I will take it one step further. Have you thanked God lately? We all go through tough times. In those dark times of our lives, many of us pray. We pray that God will help us, that He will give us the strength to get us through. Then, somehow, we make it through our tough time. Things change, things get better. Do we ever recognize the one that got us through that difficult period?

One last point. Do we ever recognize where that gift really came from? Did the unemployment check my grandfather receive really come from the government, or from God? No my friend, the government does not own anything. It all belongs to God. We are called by God to be stewards of His resources. It was right for my grandfather, being a good steward of those resources, to want that money to be used to help another immigrant. He understood the concept of stewardship. Do we?

Will you make it a point today to thank God for everything you have?

“Every good gift and every perfect gift is from above, coming down from the Father of lights with whom there is no variation or shadow due to change.”
–James 1:17

Will you thank Him for your trials and tribulations, knowing He allows them to strengthen you, to prepare you for something much greater, that He is planning for you?

“And thou shalt remember all the way which the LORD thy God led thee these forty years in the wilderness, to humble thee, and to prove thee, to know what was in thine heart, whether thou wouldest keep his commandments, or no. And he humbled thee, and suffered thee to hunger, and fed thee with manna, which thou knewest not, neither did thy fathers know; that he might make thee know that man doth not live by bread only, but by every word that proceedeth out of the mouth of the LORD doth man live.“
–Deuteronomy 8:2-3

With God’s help, we make it through good times and bad. Let’s praise him always, showing our gratitude, and being good stewards of the resources He provides.


UPDATE: After writing this post, I was informed by a family member that this story did not exactly occur as stated above. I was told that the check was not for unemployment but was instead for Welfare. I was also told that my grandfather did indeed know English at the time. I am reminded by this that family stories tend to get watered down through the years, and the facts get cloudy. The message of the post is the same nevertheless. My message to those who remember the story differently – don’t shoot the messenger.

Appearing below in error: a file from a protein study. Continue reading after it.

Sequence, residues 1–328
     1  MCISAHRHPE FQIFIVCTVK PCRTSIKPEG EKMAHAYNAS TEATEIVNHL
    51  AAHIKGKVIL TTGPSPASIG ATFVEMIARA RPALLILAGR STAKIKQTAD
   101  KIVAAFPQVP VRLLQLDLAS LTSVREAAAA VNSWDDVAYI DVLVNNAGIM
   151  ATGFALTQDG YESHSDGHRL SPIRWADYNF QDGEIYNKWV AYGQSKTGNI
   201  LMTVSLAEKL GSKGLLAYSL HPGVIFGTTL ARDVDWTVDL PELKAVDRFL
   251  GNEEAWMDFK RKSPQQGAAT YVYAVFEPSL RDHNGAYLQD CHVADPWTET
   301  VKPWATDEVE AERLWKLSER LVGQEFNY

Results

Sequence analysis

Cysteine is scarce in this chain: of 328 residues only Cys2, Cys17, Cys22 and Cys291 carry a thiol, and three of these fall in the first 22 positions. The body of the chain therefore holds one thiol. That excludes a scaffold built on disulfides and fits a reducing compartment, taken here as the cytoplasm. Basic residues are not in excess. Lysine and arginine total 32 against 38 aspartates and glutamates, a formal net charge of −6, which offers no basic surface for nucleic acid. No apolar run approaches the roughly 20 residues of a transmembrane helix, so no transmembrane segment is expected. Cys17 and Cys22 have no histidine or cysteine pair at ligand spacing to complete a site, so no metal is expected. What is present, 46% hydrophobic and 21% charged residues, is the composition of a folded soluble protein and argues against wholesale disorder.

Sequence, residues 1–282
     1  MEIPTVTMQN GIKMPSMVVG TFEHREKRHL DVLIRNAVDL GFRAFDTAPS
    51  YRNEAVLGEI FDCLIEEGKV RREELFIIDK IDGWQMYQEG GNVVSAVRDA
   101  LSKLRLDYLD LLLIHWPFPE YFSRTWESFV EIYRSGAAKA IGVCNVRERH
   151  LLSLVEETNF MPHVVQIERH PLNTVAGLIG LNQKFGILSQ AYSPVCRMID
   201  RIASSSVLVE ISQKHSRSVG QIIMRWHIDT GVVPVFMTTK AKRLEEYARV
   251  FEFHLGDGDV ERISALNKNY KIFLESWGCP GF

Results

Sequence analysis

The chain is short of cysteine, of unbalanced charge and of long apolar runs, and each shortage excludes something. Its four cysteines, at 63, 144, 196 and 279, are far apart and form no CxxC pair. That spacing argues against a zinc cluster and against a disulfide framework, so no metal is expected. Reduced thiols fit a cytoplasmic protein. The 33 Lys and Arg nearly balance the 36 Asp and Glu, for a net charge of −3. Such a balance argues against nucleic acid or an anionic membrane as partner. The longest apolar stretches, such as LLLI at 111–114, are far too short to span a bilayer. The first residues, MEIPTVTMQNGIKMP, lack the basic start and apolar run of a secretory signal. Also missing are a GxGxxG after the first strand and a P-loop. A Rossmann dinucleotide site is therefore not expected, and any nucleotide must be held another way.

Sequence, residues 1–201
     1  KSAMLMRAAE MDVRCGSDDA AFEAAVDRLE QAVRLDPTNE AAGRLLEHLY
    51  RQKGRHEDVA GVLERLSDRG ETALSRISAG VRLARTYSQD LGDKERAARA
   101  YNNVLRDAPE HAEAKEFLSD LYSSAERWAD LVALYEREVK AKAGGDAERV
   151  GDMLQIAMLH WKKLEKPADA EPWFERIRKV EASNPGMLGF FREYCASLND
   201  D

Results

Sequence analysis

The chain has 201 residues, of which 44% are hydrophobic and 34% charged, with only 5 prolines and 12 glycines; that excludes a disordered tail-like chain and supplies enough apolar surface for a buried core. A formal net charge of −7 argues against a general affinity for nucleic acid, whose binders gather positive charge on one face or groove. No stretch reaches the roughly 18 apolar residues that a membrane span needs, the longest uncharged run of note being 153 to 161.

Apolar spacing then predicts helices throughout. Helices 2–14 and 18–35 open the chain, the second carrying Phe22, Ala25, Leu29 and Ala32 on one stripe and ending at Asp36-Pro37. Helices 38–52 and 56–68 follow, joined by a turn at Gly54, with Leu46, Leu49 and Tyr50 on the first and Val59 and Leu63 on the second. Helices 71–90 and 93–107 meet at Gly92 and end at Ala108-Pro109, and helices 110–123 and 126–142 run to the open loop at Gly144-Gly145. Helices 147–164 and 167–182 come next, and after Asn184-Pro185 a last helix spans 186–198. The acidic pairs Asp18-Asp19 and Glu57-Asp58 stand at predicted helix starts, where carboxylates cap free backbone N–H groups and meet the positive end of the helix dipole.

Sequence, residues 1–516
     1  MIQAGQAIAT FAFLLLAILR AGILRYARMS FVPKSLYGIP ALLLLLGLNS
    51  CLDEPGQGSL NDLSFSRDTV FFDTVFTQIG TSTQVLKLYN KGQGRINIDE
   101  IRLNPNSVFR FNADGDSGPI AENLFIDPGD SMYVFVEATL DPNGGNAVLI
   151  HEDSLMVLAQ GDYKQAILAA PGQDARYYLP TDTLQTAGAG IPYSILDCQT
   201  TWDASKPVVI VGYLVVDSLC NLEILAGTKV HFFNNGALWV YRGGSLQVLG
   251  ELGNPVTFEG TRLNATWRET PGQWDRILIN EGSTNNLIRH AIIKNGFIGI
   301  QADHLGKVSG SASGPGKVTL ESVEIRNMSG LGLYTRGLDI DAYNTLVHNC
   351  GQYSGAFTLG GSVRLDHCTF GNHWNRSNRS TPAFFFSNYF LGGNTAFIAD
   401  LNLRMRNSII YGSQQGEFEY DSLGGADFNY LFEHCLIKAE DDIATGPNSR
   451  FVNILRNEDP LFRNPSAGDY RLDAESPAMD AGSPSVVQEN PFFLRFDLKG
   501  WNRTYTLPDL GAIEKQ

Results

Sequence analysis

The Dunes Golf Course, Sanibel Island, Florida

I like Golf.

I started playing the sport when I was a teenager. My dad was into the sport, and I got hooked after going to the golf course with him. I later played on my high school team. After several years away from the game, I am now back into it, and I’ve got the “fever” again.

So a couple of weeks ago, my wife and I took a trip to the west coast of Florida, to our favorite getaway, Sanibel Island. We decided we would take the opportunity to play a round of golf while we were there, so we booked a tee time at The Dunes Golf Course. From the pictures of the course, it seemed like a real challenge. The course is cut out of the wildlife preserve, surrounded by water, and we were looking forward to playing on this unique course.

Our tee time was at 8 am. We booked it early so that we would have time for other activities later. When we arrived, we were one of the few cars in the parking lot. Our first impressions were very good. The Country Club consists of a club house, with a restaurant and pro shop, a driving range where you hit balls into the water, and the course itself. Everything was very clean, and quite inviting.

As soon as we got out of the car, one of the staff immediately took our clubs, and asked us to register at the pro shop. This was a nice touch. It’s nice not having to lug your bag around while registering. The girl in the Pro Shop was also very friendly, registering us quickly. The pro shop is small, not too different than most golf course pro shops. After registering, we went out to get our cart, and noticed that our clubs were already on a cart, and ready to go. The starter greeted us, letting us know when we would tee off, and also advised us where to get drinks if we wanted.

One thing I really liked about the staff here was how they handled teeing off. In some of the courses I play at, there is really no organization at the first tee. The result is that everybody bunches up and you end up in a long line waiting to tee off. Not here. The carts are all lined up and you are asked to stay there until it is your turn. The starter does an excellent job of checking to make sure the party ahead of you has gone far enough on the first hole before allowing you to step up to the first tee. It makes the round more enjoyable, so that you don’t spend too much time waiting to hit your shot, and don’t hold anybody up either.